Interview: Jeff Parker and Steve Lieber Go ‘Underground’

ug_01_00_colorBoth Jeff Parker and Steve Lieber are well-known in the world of comics. Parker, a veteran writer of such titles as Marvel Adventures Fantastic Four and Guy Ritchie’s Gamekeeper and Lieber, the artist responsible for drawing the monster hit Whiteout, have worked side by side as partners in Portland’s Periscope studios for years. But they’ve never worked on a project together before. That is, until now.

This year, the two have teamed up to create the five-issue miniseries Underground, which hits stores in September and is published by Image Comics. Parker and Lieber were nice enough to share some pages of the new book — which are featured at the end of the interview. I also had a chance to chat with the creators a bit about the new book, their inspiration for creating it, Steve’s reaction now that the Whiteout movie is finally on the way and more.

The Flickcast: Underground is an interesting title. How did it come about?

Steve Lieber: Tim Cahill wrote an essay of caving the made my brain explode. I knew the moment I finished reading it I had to draw a cave story.

TF: Tell us about the story? What was your inspiration for creating it?

SL: That one should go more to Jeff. I had a sense of the setting, and scenes, and the tone I wanted to strike, but I didn’t know who my characters were, so I didn’t have a story. I had a lot of conversations with Parker about it, and it was clear that he just had a much better sense of the people and the conflicts they’d find themselves in.

Where he grew up is an easy drive to the Kentucky state line, so he’s writing with some real understanding.

Jeff Parker: Yeah, I do kind of write it more like it’s the mountains of North Carolina, but if you ever go to the Blue Ridge area you find that really the Appalachians are like their own country. Also we wanted to invoke Mammoth Cave, the one most people know about, as the model that Stillwater Cave could become.

It’s also important to remember that Steve drew A LOT of snow in Whiteout, and he was very eager to explore a world of rock and shadows!

TF: Underground and, for example, Whiteout both have strong female leads. Do you guys prefer that?

SL: No. I just like a well-written lead. It made sense for Underground to star a female because women are the best cavers. When you’re in a cave, being small-boned and flexible is a huge advantage. You can wriggle through places others can’t.

JP: Ditto, women make great cavers. Yes, Wesley is a strong female lead, and being a park ranger is even a law officer, but she’s not experienced with things like homicide as Carrie Stetko was. So when a group of men fresh out of the penitentiary come looking for her with guns, it puts her in a position she’s never been in.

TF: What themes are you trying to explore with this book?

SL: The eternal themes: “Man vs. Man”

JP: “Man vs. Nature”

SL: “Man vs a Giant Metal Insect.”

JP: “Man vs. Skrull” Ok really, “Man Vs. Self.” This is a story where people make bad choices and it’s in an environment where you really can’t afford to screw up much. The hazards build upon themselves at a fast rate.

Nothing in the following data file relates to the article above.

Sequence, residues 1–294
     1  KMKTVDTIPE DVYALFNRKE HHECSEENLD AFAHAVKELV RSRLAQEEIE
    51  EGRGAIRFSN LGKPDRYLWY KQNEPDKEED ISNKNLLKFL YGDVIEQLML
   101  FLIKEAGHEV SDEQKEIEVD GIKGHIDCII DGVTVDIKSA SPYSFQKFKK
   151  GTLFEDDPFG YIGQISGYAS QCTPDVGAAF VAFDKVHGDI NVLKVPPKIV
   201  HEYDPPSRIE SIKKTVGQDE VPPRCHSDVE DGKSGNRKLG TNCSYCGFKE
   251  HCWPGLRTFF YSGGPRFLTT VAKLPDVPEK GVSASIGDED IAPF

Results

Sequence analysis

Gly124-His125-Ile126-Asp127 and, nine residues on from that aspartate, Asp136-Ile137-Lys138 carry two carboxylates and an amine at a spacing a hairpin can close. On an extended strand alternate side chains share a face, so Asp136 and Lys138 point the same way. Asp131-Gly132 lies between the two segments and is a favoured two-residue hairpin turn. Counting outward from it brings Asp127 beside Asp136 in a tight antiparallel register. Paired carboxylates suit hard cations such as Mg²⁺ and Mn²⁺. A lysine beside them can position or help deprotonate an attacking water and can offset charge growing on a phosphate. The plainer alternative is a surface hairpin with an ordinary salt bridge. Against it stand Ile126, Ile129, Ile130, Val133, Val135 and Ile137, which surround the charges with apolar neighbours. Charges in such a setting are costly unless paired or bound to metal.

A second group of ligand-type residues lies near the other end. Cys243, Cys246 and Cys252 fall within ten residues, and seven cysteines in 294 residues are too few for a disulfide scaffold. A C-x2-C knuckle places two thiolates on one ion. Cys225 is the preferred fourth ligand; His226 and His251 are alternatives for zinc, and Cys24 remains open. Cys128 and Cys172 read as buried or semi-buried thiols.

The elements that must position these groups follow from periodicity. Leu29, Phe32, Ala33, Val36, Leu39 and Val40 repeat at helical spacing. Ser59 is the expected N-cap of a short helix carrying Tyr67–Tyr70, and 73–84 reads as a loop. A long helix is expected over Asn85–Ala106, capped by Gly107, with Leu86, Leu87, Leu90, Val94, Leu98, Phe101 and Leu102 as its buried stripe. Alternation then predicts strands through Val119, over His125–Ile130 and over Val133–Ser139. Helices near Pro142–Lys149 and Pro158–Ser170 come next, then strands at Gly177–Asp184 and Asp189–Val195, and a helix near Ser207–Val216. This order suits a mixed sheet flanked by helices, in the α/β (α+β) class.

TF: Can you describe your working relationship a little so people can better understand your “creative process”?

SL: We just yell at each other all the goddamn time.

JP: I battle to keep the realism throughout the plot, and Steve keeps drawing bat-like subterraneanoids who crave surface-man blood.

SL: No, that’s you.

JP: Maybe. Actually, this is one of the few projects where I bother the artist with rough layouts and sketches, because the way the action happens is so particular. Normally I can communicate everything with a script, but the storytelling style we’ve adopted requires more back and forth.

SL: It’s a really organic collaboration. Parker knows how to draw; I’ve got an ear for good writing. There’s plenty of back and forth. And the covers are seamless.

TF: What were your influences from other comics, films, life or whatnot, if any, when creating this book?

SL: My biggest comics influence on this project were Stan Drake and Joe Kubert. Drake for the beauty of his ink line, and Kubert because he’s the greatest bad-ass of all time when it comes to real-life flesh and blood characters in a comic book.

TF: What made you guys decide to go full color with Underground?

JP: It certainly didn’t need it, Steve always thinks in black and white and composes that way. But we thought color would play up the natural world well here, and make for a starker contrast between the beautiful green world above ground, and the dark, washed-out caverns below.

SL: It just seemed the right way to go. A great color artist like Ron Chan could get a lot of mileage out of the difference between warm Kentucky sunshine and a dank cave, barely lit by a couple of headlamps.

TF: When does it come out and how many issues will it be?

SL: Five issues. Issue 1 solicits in the July Previews and ships September 23rd.

JP: Diamond order code JUL090341.

TF: Steve, are you excited for the Whiteout movie to finally be coming out? Any idea what took so long?

SL: I’m very excited. I haven’t seen it, so I have no idea if it’ll be any good or not, but the footage I’ve seen and the script I’ve read have me feeling optimistic. No idea what took so long. These are mysterious forces, unknowable by mortal men.

TF: What else are you guys working on together? On your own or with others?

JP: I’m currently writing Agents of Atlas and Exiles for Marvel, and just finished Mysterius the Unfathomable with artist Tom Fowler from Wildstorm.

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Want more? Be sure to check out all the news on Underground at the comics official site.

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